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  1. #1
    I recently had a Trane XV-90, two-stage furnace installed.

    I can't say that I have ever been aware of the unit kicking into stage two. How will I know stage 2 is being utilized? (According to the installation manual the temperature rise for stage 1 (65% gas) versus stage 2 (100% gas) is only a couple of degrees at medium low fan speed (and that doesn't make sense to me.)

    From reading the manual, it seemed to suggest that stage two is triggered when the room temperature falls at least one degree while operating in stage one, and then it waits 10 minutes before turning on stage 2.

    Is this typical?

    To me, the logic seems off. I would think if the temperature in the room remained either at the same number below the requested temperature for a certain period of time [e.g., you have it set on 68 but it can't get the room above 62 for x time), or a certain period of time has elapsed and the requested temperature is still not reached, then stage two would kick in.

    Your thoughts?

    Thanks,
    Edgar


  2. #2
    Join Date
    May 2000
    Location
    Indianapolis, IN, USA
    Posts
    34,109
    2 stage stat or timer?

    With a good 2 stage stat, unless it is bitter cold, it may not switch to high unless you do a setback. The idea is long run times on gentle low fire. With a 2 stage stat, the stat decides on high or low. If it calls for high, you should get it within 30 seconds. The 10 minutes is for a single stage with timer or if a stat calls for both stages at once. A good 2 stage stat will have some logic in it and try to stay on low if possible.

  3. #3
    Join Date
    Nov 2006
    Location
    Aurora, IL
    Posts
    98
    It would depend if you have a two stage stat of if the board is timed. Remove your stat and look to see if W1 and W2 have wires to them. If there is no W2, it's not a two stage stat. If there is and has a seperate wire attatched, hopefully it is programed to be two stage. I personally have mine timed. It rarely goes into to high fire except in setback mode.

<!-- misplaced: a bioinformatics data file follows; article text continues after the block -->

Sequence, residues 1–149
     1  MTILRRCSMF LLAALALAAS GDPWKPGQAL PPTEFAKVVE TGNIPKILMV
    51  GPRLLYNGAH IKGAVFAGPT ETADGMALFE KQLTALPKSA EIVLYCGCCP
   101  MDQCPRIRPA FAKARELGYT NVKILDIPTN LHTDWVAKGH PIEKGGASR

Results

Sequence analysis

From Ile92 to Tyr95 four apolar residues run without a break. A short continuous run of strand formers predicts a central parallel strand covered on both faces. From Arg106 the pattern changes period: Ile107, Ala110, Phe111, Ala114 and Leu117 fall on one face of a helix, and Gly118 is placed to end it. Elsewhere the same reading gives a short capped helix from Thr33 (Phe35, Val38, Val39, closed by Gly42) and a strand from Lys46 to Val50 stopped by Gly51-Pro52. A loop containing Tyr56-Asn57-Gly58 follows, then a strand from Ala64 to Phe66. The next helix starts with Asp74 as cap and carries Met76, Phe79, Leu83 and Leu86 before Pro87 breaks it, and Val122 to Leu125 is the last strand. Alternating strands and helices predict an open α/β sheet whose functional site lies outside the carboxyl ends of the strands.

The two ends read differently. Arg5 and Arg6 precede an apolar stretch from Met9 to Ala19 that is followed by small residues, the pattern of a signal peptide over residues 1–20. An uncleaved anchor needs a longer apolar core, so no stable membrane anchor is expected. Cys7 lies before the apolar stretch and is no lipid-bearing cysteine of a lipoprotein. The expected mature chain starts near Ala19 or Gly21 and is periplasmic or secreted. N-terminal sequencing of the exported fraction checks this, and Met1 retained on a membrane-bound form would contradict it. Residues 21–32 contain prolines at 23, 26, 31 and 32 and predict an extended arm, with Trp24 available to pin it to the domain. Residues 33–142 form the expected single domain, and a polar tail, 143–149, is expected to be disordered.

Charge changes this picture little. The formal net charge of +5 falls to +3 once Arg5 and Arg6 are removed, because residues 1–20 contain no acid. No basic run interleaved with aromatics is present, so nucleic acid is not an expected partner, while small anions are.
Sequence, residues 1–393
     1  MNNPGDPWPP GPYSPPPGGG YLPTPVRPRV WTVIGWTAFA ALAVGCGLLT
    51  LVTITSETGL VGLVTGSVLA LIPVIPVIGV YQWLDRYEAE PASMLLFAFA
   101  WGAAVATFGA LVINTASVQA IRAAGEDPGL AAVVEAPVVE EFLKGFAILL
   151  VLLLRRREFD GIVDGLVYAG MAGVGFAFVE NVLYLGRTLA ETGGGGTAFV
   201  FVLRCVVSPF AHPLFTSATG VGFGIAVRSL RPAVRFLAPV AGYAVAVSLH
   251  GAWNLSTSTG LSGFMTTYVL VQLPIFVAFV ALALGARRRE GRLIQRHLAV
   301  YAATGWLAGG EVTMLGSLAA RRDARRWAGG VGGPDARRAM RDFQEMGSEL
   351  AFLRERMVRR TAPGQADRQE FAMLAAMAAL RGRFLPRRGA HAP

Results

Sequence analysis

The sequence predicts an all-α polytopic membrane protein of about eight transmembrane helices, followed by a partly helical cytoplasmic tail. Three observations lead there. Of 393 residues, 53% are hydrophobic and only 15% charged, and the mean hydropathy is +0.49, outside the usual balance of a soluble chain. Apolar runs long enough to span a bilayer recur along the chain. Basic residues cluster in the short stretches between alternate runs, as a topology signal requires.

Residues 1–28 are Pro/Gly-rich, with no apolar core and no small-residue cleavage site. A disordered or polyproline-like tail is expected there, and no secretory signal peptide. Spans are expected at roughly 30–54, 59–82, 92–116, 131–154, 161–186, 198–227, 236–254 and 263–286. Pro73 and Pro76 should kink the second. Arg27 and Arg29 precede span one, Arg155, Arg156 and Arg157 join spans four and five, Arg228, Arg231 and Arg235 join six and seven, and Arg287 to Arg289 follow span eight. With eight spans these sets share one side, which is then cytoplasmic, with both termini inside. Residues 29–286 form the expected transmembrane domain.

Two stages of heat is ideal to help maintain a constant temp in the rooms of your home without blasting out the heat all at once. Especially benificial if your stat is in room that has good airflow but other rooms suffer because they dont.
    Even the worlds smartest people have the most worn out erasers!

  4. #4
    Join Date
    Nov 2006
    Location
    Aurora, IL
    Posts
    98
    It would depend if you have a two stage stat of if the board is timed. Remove your stat and look to see if W1 and W2 have wires to them. If there is no W2, it's not a two stage stat. If there is and has a seperate wire attatched, hopefully it is programed to be two stage. I personally have mine timed. It rarely goes into to high fire except in setback mode.
    Two stages of heat is ideal to help maintain a constant temp in the rooms of your home without blasting out the heat all at once. Especially benificial if your stat is in room that has good airflow but other rooms suffer because they dont.
    When the unit fires in two stage, it will also jump to medium high fan speed. That diff in air movement and maybe 15 - 20 degrees (guess) should be noticed.
    Try this: Set your stat to 80. Grab a beer and sit at the furnace. You'll hear it!
    Even the worlds smartest people have the most worn out erasers!

  5. #5
    The Trane thermostat is two-stage, to answer the question posed.


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